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Aetna takes loss after failed Humana bid

Aetna booked a $381 million, first-quarter loss mainly due to its failed bid for rival Humana, but the nation's third largest health insurer still beat earnings expectations and raised its 2017 forecast.

The company said Tuesday that it is relying more on government-funded Medicaid and Medicare Advantage coverage while also cutting back on troublesome products like individual insurance that complies with the Affordable Care Act.

Aetna and other insurers have been expanding their government business in recent years as more people become eligible for Medicare Advantage plans that care for those over age 65 and as state governments turn to insurers to manage Medicaid programs that help the poor.

Premiums collected from that business jumped 9 percent to more than $7 billion for Aetna in the quarter, surpassing commercial coverage for the first time. Chairman and CEO Mark Bertolini told analysts that government business continues to be "the predominant driver of our growth."

Overall, Aetna reported earnings of $2.71 per share, adjusted for one-time gains and costs, on $15.24 billion in operating revenue, which excludes investment income. Analysts expected adjusted earnings of $2.36 per share on $15.48 billion in revenue, according to Zacks Investment Research.

 

CVS Health profit drops by 17 percent

CVS Health's profit sank 17 percent in the first quarter as the drugstore chain started feeling the loss of some big customers, but it still beat Wall Street expectations.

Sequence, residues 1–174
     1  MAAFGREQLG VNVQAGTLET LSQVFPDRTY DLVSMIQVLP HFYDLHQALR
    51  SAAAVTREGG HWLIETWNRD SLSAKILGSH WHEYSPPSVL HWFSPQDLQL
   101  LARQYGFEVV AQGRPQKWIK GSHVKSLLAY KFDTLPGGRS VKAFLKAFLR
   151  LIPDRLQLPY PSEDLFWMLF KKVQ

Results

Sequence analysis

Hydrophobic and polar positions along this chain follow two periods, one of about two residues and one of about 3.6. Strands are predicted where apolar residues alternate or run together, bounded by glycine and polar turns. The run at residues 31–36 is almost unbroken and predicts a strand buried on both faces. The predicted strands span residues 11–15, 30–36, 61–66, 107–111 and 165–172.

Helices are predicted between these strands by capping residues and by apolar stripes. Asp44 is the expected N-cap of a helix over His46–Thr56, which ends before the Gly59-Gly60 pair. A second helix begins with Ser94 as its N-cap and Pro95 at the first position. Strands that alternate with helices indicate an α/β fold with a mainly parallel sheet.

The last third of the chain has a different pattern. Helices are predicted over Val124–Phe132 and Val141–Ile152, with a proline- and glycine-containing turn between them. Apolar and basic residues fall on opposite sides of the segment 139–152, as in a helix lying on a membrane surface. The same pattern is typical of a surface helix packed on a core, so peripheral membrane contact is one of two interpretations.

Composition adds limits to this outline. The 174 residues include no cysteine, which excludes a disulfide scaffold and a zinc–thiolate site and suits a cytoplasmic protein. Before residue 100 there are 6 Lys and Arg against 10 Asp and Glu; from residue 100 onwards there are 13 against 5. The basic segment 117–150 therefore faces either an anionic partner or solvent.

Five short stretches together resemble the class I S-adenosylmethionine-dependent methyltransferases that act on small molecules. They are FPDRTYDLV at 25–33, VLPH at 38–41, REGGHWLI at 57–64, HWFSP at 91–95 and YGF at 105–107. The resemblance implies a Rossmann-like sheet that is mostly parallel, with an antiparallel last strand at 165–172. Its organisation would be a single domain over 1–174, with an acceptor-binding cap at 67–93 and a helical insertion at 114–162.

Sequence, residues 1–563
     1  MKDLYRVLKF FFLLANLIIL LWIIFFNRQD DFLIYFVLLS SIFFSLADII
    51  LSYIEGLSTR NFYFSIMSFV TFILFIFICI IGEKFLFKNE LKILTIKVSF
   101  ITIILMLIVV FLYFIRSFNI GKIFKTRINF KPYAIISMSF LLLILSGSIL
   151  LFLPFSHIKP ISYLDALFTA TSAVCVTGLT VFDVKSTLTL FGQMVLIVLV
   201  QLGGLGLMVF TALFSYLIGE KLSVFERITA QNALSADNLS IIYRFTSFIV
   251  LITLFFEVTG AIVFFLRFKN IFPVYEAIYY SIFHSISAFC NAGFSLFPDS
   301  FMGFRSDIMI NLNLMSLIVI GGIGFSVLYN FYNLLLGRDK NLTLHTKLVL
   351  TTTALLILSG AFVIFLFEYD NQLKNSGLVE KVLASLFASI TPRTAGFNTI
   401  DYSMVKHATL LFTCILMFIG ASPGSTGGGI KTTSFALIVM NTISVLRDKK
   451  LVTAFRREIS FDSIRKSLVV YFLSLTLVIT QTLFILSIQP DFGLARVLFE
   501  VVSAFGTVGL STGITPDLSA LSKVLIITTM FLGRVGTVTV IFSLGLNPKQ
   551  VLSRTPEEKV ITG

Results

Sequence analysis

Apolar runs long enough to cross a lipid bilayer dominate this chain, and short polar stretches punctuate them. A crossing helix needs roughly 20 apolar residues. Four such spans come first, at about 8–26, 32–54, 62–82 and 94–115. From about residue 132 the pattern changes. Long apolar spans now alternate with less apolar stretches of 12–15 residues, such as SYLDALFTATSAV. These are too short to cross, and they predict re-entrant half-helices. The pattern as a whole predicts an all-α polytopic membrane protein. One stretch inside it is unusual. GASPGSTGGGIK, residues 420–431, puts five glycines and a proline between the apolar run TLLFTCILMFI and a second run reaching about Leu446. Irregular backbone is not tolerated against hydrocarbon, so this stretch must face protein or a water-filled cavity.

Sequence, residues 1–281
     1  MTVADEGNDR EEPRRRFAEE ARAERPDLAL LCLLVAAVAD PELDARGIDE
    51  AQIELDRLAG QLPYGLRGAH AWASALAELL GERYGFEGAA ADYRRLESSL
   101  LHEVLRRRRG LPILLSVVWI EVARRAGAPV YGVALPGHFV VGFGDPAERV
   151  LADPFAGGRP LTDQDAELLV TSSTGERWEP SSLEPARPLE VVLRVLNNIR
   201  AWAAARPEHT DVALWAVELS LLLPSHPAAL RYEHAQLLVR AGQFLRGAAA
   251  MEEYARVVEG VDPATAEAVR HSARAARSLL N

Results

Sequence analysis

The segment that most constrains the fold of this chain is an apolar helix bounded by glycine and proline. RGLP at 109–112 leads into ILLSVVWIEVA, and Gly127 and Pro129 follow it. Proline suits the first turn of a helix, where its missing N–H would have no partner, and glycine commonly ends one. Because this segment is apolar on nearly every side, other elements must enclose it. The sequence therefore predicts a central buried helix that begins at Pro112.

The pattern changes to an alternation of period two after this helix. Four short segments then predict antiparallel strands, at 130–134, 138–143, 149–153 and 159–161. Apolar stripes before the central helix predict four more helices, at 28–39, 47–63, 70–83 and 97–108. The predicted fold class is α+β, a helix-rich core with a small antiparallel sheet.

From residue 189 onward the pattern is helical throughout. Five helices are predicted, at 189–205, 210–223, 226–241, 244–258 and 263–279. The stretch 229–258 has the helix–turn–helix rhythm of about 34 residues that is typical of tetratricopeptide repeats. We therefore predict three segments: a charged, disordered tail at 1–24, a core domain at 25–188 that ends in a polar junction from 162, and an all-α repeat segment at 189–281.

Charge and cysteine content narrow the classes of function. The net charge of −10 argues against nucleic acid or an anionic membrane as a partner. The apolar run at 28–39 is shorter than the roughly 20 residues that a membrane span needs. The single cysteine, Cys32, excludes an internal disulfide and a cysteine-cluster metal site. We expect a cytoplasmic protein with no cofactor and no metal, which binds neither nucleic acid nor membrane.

Net income fell to $952 million in the quarter after its pharmacies were excluded from some prescription coverage networks. One big loss was the government's Tricare program, which provides coverage for military personnel and their families.

CVS Health also saw a slump in sales outside the pharmacy area of its drugstores, but the company's pharmacy benefits management business helped counter that. CEO Larry Merlo called 2017 a "rebuilding year" Tuesday in a company release. But he said that CVS also aims to return to healthy growth levels.

CVS Health runs nearly 9,700 retail locations, counting the pharmacy and clinic businesses it operates for retail giant Target Corp. That total is second only to Walgreens.

 

Apple tops estimates with $11 billion profit

CUPERTINO, Calif. — Apple Inc. on Tuesday reported fiscal second-quarter net income of $11.03 billion, or $2.10 per share.

The results beat Wall Street expectations. The average estimate of 14 analysts surveyed by Zacks Investment Research was for earnings of $2.02 per share.

The maker of iPhones, iPads and other products posted revenue of $52.9 billion in the period, also topping Wall Street forecasts.

For the current quarter ending in July, Apple said it expects revenue in the range of $43.5 billion to $45.5 billion.

Apple shares have climbed 27 percent since the beginning of the year, while the Standard & Poor's 500 index has risen almost 7 percent.

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